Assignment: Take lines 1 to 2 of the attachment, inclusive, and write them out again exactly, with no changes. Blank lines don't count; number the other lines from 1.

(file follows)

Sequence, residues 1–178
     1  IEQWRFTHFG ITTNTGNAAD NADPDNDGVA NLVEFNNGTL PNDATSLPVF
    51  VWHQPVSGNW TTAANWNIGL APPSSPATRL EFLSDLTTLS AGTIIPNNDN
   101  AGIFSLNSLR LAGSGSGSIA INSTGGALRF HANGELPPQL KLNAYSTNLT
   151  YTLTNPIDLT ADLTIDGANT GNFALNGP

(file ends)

Sequence, residues 1–178
     1  IEQWRFTHFG ITTNTGNAAD NADPDNDGVA NLVEFNNGTL PNDATSLPVF